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What is the possessive form of blocked when used as a verb. For example:

Remove the friend I blocked’s material.

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    What you have is fine — just like the Queen of England’s hat. The clitic applies to the entire noun phrase, not to the head noun. – tchrist Aug 24 '15 at 21:23
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    It's technically OK but sounds sucky. School of Rock has the right idea. – Hot Licks Aug 24 '15 at 21:30
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    In case the crux of tchrist’s point was not clear: blocked is the past tense of the verb block in your sentence here, and verbal forms do not have possessive forms. Possession (also called the genitive) is a notion that does not apply to verbs, only to nominal elements (basically nouns and adjectives, but in English most particularly noun phrases). The possessive in your sentence does not apply to blocked, but to the entire noun phrase the friend I blocked. – Janus Bahs Jacquet Aug 24 '15 at 21:49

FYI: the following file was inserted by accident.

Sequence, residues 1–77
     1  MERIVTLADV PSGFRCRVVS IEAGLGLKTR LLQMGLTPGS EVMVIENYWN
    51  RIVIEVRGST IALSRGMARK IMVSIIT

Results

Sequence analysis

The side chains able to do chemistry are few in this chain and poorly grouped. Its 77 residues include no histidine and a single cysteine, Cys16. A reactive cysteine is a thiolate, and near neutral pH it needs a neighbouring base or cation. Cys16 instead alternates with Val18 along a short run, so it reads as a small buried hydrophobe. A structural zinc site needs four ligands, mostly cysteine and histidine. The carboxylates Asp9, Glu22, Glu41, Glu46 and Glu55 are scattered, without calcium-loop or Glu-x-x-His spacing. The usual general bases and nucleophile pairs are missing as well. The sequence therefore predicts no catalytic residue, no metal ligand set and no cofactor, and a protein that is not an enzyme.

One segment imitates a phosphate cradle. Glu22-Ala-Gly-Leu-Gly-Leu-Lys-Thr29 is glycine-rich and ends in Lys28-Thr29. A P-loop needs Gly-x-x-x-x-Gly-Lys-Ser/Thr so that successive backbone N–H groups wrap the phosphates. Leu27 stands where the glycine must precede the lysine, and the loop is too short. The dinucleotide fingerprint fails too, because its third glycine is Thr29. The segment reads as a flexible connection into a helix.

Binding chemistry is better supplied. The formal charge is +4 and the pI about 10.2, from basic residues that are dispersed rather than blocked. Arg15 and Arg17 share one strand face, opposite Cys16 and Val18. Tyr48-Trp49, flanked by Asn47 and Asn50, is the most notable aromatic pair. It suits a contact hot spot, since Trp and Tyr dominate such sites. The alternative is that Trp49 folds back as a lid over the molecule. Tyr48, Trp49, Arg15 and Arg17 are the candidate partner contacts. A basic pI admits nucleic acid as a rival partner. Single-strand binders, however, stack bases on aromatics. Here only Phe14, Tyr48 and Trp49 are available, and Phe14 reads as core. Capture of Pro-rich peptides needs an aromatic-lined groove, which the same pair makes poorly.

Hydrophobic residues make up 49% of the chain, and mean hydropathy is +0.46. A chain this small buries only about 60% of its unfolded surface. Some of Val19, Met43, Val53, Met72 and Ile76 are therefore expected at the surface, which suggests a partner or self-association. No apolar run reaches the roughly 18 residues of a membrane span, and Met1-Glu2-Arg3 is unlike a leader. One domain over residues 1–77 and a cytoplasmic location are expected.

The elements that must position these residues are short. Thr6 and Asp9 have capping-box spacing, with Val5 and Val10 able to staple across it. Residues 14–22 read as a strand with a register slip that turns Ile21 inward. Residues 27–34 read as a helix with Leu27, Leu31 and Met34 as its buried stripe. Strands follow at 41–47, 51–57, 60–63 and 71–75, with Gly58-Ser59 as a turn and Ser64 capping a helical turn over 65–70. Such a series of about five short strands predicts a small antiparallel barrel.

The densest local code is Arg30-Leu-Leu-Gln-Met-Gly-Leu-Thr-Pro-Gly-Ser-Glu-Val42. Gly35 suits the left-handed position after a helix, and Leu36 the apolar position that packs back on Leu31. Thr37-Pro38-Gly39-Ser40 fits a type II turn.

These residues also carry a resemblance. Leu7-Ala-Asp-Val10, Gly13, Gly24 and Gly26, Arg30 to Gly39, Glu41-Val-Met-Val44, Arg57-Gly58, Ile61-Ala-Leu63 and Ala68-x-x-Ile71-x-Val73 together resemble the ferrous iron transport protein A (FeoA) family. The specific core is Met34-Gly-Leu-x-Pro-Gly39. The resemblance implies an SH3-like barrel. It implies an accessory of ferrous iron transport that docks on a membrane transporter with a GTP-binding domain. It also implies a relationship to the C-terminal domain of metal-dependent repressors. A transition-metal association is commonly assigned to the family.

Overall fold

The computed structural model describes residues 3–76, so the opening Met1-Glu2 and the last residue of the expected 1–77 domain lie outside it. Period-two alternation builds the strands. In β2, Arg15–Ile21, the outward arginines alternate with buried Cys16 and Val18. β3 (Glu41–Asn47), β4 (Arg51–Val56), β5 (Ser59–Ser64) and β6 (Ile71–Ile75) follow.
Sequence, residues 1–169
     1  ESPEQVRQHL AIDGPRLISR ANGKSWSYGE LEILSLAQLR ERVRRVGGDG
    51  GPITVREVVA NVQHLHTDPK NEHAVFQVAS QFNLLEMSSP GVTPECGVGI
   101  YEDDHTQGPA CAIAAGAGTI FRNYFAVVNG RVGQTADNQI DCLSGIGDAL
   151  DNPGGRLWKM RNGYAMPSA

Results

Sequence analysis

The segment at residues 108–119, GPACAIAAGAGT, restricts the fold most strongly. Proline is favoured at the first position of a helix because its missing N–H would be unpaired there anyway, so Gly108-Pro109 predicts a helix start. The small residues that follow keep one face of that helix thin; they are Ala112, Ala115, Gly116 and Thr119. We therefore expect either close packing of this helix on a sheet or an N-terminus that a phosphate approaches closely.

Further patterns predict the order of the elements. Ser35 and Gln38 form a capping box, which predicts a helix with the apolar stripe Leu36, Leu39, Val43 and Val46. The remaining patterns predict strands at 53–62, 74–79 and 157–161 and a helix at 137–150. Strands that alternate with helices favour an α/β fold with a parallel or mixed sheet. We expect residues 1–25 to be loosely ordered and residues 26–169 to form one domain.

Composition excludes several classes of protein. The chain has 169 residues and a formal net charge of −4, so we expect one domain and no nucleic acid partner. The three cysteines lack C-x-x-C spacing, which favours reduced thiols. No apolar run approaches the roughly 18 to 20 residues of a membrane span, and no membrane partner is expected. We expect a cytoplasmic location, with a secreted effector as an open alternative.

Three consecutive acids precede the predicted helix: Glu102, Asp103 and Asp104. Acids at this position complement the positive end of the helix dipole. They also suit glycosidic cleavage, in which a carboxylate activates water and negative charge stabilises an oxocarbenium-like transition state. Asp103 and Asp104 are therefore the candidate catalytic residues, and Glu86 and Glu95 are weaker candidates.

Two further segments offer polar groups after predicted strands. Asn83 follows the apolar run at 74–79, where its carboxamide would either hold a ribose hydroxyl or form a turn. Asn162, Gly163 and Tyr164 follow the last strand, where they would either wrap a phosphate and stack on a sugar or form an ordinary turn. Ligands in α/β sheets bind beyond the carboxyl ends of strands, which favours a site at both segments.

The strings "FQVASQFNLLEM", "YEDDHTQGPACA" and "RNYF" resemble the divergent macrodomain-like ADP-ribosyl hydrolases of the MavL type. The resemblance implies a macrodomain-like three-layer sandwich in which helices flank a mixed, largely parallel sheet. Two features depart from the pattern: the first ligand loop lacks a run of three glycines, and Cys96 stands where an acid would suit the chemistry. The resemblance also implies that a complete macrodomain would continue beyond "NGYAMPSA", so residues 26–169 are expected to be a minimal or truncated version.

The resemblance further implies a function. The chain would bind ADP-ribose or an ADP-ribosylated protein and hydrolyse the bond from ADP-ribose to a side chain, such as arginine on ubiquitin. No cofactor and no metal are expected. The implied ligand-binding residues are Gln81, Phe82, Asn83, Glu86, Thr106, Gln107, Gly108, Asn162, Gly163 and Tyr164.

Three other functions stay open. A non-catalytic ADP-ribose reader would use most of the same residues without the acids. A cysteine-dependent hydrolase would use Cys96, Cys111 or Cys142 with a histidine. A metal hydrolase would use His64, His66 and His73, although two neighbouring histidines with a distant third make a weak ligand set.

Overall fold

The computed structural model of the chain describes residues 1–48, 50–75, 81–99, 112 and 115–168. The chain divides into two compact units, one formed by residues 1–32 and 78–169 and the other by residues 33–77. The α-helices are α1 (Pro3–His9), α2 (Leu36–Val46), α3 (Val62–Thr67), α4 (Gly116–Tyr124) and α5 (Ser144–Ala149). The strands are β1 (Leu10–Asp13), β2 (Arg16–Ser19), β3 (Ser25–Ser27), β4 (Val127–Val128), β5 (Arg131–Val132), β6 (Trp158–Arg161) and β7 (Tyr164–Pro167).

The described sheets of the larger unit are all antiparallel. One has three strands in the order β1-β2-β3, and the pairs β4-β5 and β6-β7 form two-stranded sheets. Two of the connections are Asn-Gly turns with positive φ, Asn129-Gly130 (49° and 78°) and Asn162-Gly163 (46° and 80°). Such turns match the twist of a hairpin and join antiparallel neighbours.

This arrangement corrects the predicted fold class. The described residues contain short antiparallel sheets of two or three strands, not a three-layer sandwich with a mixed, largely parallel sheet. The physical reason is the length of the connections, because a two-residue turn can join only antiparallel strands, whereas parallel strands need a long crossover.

• The terms 'grammatical' and 'fine' seem not to overlap precisely. – Edwin Ashworth Aug 24 '15 at 22:06
  • Only a noun can have a genitive-s. You can't add a genitive-s to verbs or other word classes. – rogermue Aug 25 '15 at 5:32
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Write, "Remove the material of the friend I blocked."

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    This answer doesn't actually address OP's question. It's just (related) writing advice, which would have been better posted as a comment. – FumbleFingers Aug 24 '15 at 22:42
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There is a stylistic problem, as the reader needs to recognize instantly that you are using 'friend-I-blocked' as a phrase. It's not strictly comparable to 'Queen of England', where there is a noun at the beginning and end of the phrase and where the phrase is in any case well established.

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